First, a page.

Interview with Mark Vessey – No Walls Gallery in Brighton

The solo exhibition from the photographer Mark Vessey features his Collections and it is hosted at the No Walls gallery in Brighton. It is a photographic highlight of pop culture, and it examines the addiction that affects the most dedicated and passionate collectors.

Edited by: Matilde Casaglia – Art and Culture Editor – matilde.casaglia@positive-magazine.com
Photographs by: Mark Vessey www.pointandsnap.com  – Twitter mark_vessey

The solo exhibition from the photographer Mark Vessey features his Collections and it is hosted at the No Walls gallery in Brighton. It is a photographic highlight of pop culture, and it examines the addiction that affects the most dedicated and passionate collectors.

Attitude, Mark Vessey, No Walls, Brighton

How did you start your career?
I started in London suburbia, then I moved to Brighton for my University studies. It meant escaping my home environment. I have always been interested in photography as a way of exploring the world. Taking my camera with me always gives me a feel of safety. Meeting people, spending time with them, getting the chance of exploring the world with my camera on me.
From portraits to magazine collections. What’s the link?
Magazines belong to people. When I was young I began to have them sitting around me, like a window on the world. Mainly fashion magazines, alternative magazines, with amazing photos by amazing photographers. Witnessing how things crossed over. The project then took a life of its own, and it build up other collections becoming a documentary. Not to show every single issue, but to give the idea of the publication at that time.

Who inspired you?
 Polly Borland. I met her in Brighton and at that time she was a portrait photographer and we became close when she photographed me. We worked together for a year and a half, I assisted her and we did an exhibition called Smudge in 2011. She was very inspiring to me, and encouraging.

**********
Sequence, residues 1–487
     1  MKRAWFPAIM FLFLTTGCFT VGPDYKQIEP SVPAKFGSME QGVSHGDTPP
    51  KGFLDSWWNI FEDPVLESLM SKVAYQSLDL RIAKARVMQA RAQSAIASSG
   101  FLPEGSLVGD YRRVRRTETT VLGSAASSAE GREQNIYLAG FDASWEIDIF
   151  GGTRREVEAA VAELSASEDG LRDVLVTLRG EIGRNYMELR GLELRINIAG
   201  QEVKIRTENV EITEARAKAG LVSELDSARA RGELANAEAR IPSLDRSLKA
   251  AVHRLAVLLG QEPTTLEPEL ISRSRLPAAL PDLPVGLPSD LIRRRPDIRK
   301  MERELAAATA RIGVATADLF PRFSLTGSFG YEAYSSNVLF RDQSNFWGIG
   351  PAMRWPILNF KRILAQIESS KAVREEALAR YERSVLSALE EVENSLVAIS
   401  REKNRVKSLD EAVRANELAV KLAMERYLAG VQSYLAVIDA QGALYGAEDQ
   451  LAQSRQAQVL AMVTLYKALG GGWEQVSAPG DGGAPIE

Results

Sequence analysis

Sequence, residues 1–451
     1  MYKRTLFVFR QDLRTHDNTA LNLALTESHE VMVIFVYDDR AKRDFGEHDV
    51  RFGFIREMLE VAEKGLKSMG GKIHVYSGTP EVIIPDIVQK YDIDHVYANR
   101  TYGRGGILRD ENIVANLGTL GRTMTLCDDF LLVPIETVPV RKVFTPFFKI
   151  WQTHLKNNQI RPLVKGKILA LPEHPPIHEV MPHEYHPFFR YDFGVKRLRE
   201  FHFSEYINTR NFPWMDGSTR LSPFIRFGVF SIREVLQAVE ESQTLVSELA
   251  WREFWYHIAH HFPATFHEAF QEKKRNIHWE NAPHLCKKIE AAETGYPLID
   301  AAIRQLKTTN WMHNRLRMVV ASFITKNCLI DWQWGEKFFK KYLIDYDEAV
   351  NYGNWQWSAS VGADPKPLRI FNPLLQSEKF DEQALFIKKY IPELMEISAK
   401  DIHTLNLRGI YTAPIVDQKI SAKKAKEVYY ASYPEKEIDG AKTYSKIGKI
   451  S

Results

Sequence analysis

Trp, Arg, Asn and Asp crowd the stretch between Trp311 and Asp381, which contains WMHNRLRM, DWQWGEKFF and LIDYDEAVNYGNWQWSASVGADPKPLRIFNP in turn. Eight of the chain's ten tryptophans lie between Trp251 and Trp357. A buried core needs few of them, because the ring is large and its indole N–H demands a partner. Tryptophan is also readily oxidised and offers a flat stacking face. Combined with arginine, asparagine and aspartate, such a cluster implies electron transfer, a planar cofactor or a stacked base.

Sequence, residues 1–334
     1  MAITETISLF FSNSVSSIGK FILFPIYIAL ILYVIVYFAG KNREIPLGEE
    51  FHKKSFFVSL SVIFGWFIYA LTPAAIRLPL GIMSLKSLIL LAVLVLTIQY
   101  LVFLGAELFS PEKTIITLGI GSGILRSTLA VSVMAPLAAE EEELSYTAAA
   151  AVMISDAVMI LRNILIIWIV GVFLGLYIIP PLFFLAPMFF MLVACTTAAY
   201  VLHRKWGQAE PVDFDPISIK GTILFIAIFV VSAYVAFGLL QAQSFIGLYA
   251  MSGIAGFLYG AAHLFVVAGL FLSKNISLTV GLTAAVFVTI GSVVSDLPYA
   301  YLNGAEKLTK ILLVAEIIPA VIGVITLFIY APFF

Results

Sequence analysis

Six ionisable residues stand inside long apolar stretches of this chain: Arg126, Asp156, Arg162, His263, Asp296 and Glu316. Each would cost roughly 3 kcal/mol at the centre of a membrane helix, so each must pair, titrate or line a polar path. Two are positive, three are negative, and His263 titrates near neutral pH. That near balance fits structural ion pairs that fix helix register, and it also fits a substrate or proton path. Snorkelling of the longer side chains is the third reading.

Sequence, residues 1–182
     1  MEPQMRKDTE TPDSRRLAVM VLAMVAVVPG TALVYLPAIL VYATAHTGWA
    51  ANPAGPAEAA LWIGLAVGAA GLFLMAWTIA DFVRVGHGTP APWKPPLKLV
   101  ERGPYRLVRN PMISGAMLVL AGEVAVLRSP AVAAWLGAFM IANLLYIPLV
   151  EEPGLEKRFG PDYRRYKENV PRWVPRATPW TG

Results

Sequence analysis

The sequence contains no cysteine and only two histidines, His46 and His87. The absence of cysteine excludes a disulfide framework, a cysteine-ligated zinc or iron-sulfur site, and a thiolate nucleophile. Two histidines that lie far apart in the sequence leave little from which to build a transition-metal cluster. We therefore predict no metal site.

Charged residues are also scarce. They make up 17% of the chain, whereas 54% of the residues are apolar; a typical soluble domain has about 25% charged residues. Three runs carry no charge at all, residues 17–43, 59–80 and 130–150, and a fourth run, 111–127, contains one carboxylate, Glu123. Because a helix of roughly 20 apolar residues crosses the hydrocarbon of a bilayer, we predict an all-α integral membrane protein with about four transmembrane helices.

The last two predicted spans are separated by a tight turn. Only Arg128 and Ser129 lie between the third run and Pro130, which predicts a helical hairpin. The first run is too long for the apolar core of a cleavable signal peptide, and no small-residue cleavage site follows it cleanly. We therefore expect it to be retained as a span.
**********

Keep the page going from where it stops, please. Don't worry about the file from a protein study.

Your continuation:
Polly knew also my favourite artist, Keith Haring, and I saw a very sweet picture of them together in Australia. She said that if he would have been still alive, he would have liked me and my work.
Another crucial personality that I met more recently is Robert DeNiet. I met him in London Bridge, and he was very inspirational. He has a background in fashion and he is the author of a book called My favourite dress, published in 2009. His flat was covered with fashion magazines and his archive contributed in the exhibition. We were talking about our love of Keith Haring and other fashion photographers. A really overwhelming personality.

How was the experience of the exhibition at the No Walls gallery in Brighton?
Is just the latest of various exhibitions I had in Brighton. The city has sometimes a reputation for the so called postcard art work and I think Collections at the independent gallery No Walls was a good stand up to provide a valuable exhibition, somewhere other than London.
There was only room for one  bigger piece of a meter and a half, while I would like to have more space the next time.

What’s your next step?
I wish Berlin, London, New york. I’ve just spoken with a dealer in New York actually. On the side I have a project launching with the St Pancras hotel. Last year they bought some of my works which are now showcased in the hotel. Now they commissioned me a new project. It will focus on Kate Moss’s front cover on Vogue 1993, which will have its 20th anniversary in March.

Favourite photographers? 
Niam Golding, Wolfgang Tillmans and Slava Mogutin.
What’syour “dream-reportage”?
At the moment I am interested in clothes, time capsules. People known for their wardrobes, personalities presented through their fashion and their way of dressing. In terms of people I’d love to photograph politicians more than celebrities. I’d love to photograph Obama for example.

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